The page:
Tailwind Communities remind me of a mix between a Facebook group and an Instagram pod. Formerly known as Tribes (read about the name change here), Communities is a hub for Pinterest marketers to both get eyeballs on their content and find complementary content to share. Ready to learn how to use Tailwind Communities? Keep reading!
Tailwind Communities Basics
Communities can look overwhelming at first glance. However, Tailwind created Communities as a way to inspire collaboration without the spammy practices seen in other places.
Each Community is hosted by a Community Owner signified by the green crown icon beside their name. Sometimes Communities will have additional Admins, which is signified with a blue badge icon. Having these leaders in place ensures that the Community stays within the rules and on-topic.
Every single Tailwind Community will have different rules and topics. Some of my clients are home decor bloggers, so they are in a variety of Communities about home decor. Each of those Communities has a different set of rules to follow. It is important to follow those rules and guidelines so you do not get removed from the Community.
Finding Tailwind Communities to Join
When you first join Tailwind, you will walk through some tutorials on how to use the platform. One of those tutorials is all about Tailwind Communities and you’ll even join your first Community.
Once you’ve finished the tutorial, you can begin finding other Communities to join. From the Communities tab, you will click the “Find a Community” button.
Then you will be able to search for Communities within your niche. Simply type in a keyword or click one of the category buttons.
I typed in DIY and you can see the results below:
Not only did the return give me a list of Communities to join, it showed a few related topics I could search for as well.
On the basic Tailwind plan, you are able to join up to five Communities. This is a great level for entry-level Pinterest marketers and those without a lot of content. Once you begin producing a higher level of content, I suggest upping your Tailwind level so you can join more Communities and submit more content to them. Get a free 100-pin trial to Tailwind and start using Communities today through my affiliate link!
Using Tailwind Communities
Remember the golden rule? How you should treat others the way you want to be treated? Awesome! Well, within Tailwind Communities collaboration and sharing are celebrated.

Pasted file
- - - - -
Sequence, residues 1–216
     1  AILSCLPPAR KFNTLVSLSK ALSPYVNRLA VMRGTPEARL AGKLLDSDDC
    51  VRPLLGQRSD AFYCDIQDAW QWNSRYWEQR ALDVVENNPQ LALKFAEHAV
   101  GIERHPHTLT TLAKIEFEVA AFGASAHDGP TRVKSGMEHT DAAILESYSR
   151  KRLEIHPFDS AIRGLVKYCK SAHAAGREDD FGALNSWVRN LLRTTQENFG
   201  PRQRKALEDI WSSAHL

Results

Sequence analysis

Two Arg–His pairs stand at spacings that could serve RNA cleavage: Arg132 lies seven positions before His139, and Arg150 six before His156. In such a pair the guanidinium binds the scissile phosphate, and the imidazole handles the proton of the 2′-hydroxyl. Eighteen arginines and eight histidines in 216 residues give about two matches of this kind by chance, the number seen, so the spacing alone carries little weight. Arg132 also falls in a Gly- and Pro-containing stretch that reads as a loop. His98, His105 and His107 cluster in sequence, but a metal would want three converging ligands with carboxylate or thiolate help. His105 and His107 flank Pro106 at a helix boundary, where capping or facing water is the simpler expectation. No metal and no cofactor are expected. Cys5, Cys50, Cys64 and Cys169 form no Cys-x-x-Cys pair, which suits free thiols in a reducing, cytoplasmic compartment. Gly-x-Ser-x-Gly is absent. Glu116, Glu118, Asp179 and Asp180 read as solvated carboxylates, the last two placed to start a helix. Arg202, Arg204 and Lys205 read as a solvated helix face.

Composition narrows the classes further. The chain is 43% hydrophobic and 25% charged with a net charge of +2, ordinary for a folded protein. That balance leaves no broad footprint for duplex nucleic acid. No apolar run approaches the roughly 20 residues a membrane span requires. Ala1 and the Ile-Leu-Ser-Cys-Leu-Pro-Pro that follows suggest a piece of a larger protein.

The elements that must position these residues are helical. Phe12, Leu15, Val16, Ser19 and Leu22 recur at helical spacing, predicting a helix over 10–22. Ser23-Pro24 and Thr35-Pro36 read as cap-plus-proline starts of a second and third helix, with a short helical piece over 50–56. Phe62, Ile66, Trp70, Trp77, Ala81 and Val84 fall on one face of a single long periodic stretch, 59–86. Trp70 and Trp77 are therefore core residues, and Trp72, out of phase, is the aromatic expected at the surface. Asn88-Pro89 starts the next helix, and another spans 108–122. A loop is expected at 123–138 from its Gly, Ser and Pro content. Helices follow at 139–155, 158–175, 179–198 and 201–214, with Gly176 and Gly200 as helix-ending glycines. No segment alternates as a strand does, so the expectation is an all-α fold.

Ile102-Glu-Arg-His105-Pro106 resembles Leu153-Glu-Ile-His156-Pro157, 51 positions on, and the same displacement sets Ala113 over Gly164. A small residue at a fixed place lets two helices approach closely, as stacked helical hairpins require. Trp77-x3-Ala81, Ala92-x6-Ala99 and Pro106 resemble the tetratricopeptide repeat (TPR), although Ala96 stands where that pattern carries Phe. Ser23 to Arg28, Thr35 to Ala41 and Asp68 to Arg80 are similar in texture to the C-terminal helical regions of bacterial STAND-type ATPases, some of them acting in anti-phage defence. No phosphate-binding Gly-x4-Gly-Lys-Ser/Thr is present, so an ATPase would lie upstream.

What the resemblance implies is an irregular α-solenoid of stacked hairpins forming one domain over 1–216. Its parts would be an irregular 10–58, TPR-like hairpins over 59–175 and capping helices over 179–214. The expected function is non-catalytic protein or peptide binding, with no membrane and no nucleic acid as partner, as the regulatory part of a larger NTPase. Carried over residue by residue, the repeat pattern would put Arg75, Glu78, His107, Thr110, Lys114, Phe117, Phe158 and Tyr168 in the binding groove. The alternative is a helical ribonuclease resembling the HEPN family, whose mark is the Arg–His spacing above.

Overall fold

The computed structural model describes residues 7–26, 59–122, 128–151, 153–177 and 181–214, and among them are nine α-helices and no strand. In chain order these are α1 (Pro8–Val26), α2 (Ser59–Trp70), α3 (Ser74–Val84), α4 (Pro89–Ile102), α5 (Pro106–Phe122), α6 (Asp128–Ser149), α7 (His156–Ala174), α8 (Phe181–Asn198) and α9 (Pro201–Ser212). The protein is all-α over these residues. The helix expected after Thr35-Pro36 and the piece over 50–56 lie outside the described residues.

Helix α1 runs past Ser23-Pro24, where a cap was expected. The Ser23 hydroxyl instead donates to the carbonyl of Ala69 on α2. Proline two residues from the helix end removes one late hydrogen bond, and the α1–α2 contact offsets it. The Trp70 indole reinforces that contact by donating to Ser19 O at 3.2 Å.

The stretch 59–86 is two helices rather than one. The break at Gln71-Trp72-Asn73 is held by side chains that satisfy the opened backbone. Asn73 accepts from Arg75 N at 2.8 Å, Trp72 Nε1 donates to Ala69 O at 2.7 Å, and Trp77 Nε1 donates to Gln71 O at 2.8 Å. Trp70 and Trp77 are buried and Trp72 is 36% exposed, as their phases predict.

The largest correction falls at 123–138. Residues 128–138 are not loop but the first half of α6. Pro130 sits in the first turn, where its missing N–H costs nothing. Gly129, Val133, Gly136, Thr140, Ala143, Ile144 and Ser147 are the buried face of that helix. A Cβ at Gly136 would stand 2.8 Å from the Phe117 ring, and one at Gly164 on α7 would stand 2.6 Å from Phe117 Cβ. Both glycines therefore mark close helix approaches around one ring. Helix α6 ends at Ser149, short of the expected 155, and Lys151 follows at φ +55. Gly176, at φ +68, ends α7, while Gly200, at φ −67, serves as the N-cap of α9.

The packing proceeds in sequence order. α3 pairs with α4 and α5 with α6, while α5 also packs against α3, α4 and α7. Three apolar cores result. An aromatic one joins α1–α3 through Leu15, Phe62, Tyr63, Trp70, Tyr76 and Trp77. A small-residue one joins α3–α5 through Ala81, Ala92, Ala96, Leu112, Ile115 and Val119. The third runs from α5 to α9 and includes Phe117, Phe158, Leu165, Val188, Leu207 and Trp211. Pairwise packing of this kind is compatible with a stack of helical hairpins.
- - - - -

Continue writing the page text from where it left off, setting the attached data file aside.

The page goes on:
Before submitting your own content to a Tailwind Community, it is highly suggested that you share others’ content first. This shows that you’re not just in the Community to reap benefits without helping others. Many Communities have rules about 1:1 sharing and submitting. That means for every piece of content you submit to a Community, you should also be sharing one.
My advice as a Pinterest Strategist is to share content from Communities that doesn’t compete with your business. If you are a direct seller or MLM business, it does not make sense to share content from competing businesses or other sellers of the same company.
Make sure you share content from Communities that can help your ideal client while complementing your content. Let’s say you sell metal jewelry. Well, it is not the best idea to share other metal jewelry, but you could share content about what necklines work best with different necklace lengths.
Submitting Content to Tailwind Communities
Once you’ve shared a few pieces of content from a Tailwind Community, then it’s time to submit your own content. Make sure your pin graphic is a vertical, high-quality graphic. This will help your content get shared by Community members. Remember that each Tailwind Community has a different topic. So your “How to Style a Scarf” content will not fit in a “Home Decor Only” Tailwind Community.
As you are submitting content to Tailwind Communities, make sure you include a keyword-rich description and a pin title. No matter how amazing the graphic is, without these two items, I will always skip over your content. Help other Community members help you!
Also, please please please make sure the source link of the content is correct. I see a lot of pins submitted that link back to Pinterest. This is coming from a repin not loading correctly. To fix this, I suggest directly uploading the graphic into Tailwind’s draft section under the publisher tab.
Evaluating if Tailwind Communities Are Working for You
Tailwind Communities has a feature called Insights. Here you are able to evaluate if the Communities you’re a part of are working for you or not. Insights show how many pins you’ve submitted per Community, how many re-shares you’ve received, and the reach of those re-shares!
When using Tailwind Communities as part of your Pinterest strategy, this is valuable information. You’ll be able to make data-based decisions about Communities using the Insights page.
Another way to evaluate if Tailwind Communities are working for you is through Google Analytics. Using Kristie Hill’s Pinterest Dashboard for Google Analytics, I can see my traffic from Tailwind Communities. This is the direct traffic you are gaining from Pinterest through Communities alone. I love knowing this information because I can see which content is driving the most traffic from Communities.
Get Started with Tailwind Communities
The best way to put all this information to use is to practice it! Head over to Tailwind now and go to the Communities tab. Start working through this blog post and practicing with scheduling content from Communities!
If you need a free 100-pin trial to Tailwind, click here to use my affiliate link.
Need more information on using Tailwind for Pinterest strategically? Check out these posts: Tailwind for Pinterest – Best Features and Tailwind for Pinterest Automation!